As part of its drive to bring value-added solutions to the frozen food sector, Schwan’s (Leyland, Lancashire) is launching a range of frozen quiche under a new Chicago Town Deli sub-brand.The three-strong range will be merchandised in the frozen savoury bakery aisle alongside pies and pastries. Variants include: 3 cheese & roasted red onion, broccoli & bacon and bacon & mushroom.Available as a twinpack, the products can be baked in 25 minutes and are aimed at mums with busy households as a mealtime solution, and are priced at £1.59 per twinpack.
It was a bonafide reunion of Allman Brothers Band guitarists last night at NYC’s The Beacon Theatre, as guitar slinger Warren Haynes joined Tedeschi Trucks Band for a four-song sit-in during the second set. The TTB is now five nights into their six-night stand, and have welcomed a bevy of guests throughout the run including Jorma Kaukonen, Dave Mason, Eric Krasno, Luther Dickinson and more. However, seeing Haynes and Trucks play together – at the Beacon no less – must have conjured memories of the Allman Brothers days.The two guitarists played together in the Allman Brothers for many years, though that band has not been active since 2014. Haynes appeared during the second set, and, while they didn’t actually play any Allman Brothers songs, the two did treat fans to some blues classics.Haynes would emerge for an extended run at the end of the second set, joining in on Robert Johnson’s “Preachin’ Blues,” Derek & The Dominos’ “Keep On Growing,” the blues standard “It Hurts Me Too,” Blind Faith’s “Had To Cry Today,” and King Curtis’s “Soul Serenade.” Check out videos of the Haynes-Trucks collaboration, streaming below.Preachin’ Blues > Keep On Growing (via Sean Roche)It Hurts Me Too (via Sean Roche)Soul Serenade (via Marc Millman)Had To Cry Today (via Marc Millman)The band ends their run tonight, October 8th, with another two-set performance. Check out the full setlist from last night’s show below!Setlist: Tedeschi Trucks Band at The Beacon Theatre, New York, NY – 10/7/16Set One: Coming Home, Made Up Mind, Don’t Know What > All That I Need, Something, Lovin’ You, The StormSet Two: Midnight In Harlem, Ali > Let Me Get By, Shelter, Bound For Glory, More & More, Preachin’ Blues*, Keep On Growing*, It Hurts Me Too*, Had To Cry Today (with Soul Serenade in the middle)*Encore: It Ain’t Easy, Space Captain* = w/ Warren Haynes[Photo via TTB Instagram]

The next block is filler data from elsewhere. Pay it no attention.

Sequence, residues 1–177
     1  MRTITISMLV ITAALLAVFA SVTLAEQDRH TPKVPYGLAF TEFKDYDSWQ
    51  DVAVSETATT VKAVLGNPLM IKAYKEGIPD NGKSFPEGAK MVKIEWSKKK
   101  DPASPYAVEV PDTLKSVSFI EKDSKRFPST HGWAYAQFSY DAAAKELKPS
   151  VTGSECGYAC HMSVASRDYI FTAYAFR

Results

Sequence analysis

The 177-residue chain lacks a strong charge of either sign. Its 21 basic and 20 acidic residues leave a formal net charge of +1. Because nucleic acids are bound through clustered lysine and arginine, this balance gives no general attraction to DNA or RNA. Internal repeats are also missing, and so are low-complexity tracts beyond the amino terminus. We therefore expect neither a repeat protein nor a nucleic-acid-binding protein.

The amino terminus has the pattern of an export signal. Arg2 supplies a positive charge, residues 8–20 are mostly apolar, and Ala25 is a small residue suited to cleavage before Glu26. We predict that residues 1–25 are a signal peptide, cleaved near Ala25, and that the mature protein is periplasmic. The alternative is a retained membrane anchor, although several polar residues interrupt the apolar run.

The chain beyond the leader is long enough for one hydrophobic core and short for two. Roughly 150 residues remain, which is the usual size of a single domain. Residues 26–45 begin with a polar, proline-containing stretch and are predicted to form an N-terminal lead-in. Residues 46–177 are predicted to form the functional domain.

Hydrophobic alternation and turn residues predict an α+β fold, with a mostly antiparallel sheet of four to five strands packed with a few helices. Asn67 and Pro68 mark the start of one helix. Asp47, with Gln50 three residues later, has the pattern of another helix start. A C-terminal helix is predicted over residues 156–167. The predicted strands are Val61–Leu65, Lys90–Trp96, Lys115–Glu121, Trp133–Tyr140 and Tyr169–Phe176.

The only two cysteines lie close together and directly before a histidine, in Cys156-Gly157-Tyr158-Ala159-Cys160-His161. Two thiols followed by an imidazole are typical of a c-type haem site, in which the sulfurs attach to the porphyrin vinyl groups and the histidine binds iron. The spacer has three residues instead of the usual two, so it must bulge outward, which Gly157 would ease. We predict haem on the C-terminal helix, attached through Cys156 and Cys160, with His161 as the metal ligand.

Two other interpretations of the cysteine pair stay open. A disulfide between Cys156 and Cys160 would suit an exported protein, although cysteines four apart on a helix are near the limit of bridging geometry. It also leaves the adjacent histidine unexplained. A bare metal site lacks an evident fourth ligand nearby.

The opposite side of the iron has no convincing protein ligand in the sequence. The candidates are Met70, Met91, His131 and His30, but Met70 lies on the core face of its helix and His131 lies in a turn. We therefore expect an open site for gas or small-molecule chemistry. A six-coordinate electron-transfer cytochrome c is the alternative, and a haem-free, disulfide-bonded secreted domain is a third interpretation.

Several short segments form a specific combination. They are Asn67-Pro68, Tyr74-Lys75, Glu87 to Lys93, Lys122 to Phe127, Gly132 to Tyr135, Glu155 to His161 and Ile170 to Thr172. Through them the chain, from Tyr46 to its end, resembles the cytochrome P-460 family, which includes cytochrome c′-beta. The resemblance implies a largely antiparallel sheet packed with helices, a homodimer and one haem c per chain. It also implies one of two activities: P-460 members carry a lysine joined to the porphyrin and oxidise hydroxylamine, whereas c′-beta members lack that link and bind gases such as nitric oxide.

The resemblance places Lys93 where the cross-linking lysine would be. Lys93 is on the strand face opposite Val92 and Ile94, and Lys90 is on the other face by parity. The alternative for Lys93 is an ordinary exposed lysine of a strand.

Head to the band’s website for more information on upcoming shows.[photo by Matt Rea] Earlier this week, Dead & Company were forced to postpone their remaining three shows of Fall Tour due to an emergency appendectomy surgery for John Mayer. While the procedure is common, the surgical removal of the appendix is performed to treat appendicitis, an inflammatory condition of the appendix. With a 1-3 week recovery period, Dead & Company had no choice but to reschedule the remaining shows of 2017. Replacing John Mayer was no option.Today, Dead & Company officially announce the rescheduled dates for 2018. Following their inaugural Playing In The Sand destination event on February 15-18th, Dead & Company will head to New Orleans on February 24th, Ft. Lauderdale on February 26th, and Orlando on February 27th. All previous tickets will be honored at the new dates, though a refund is available at the point of purchase.Read Dead & Company’s full statement below:“The Dead & Company concerts that were postponed due to John Mayer’s emergency appendectomy have been rescheduled for February 24th in New Orleans, February 26th in Ft. Lauderdale, and February 27th in Orlando. Tickets for the original shows will be honored at these newly announced 2018 dates. Should ticketholders choose to seek a refund, they will be available at point of purchase.”John Mayer’s response to the situation is sincere: “Thank you everyone for the well wishes. Had surgery yesterday and woke up to see some amazingly kind and loving tweets. I’m so sorry that we couldn’t finish out the last few dates of the tour. This band and these shows mean the world to me. Love you all dearly.” Later that evening, he took to Twitter again to express his state of mind: “I’m a warm, pilled-out froggy, whizzing my golf cart around the internet, doffing my wool cap to everyone I pass. beep beep hellllloo electric guitars let me get a look at you”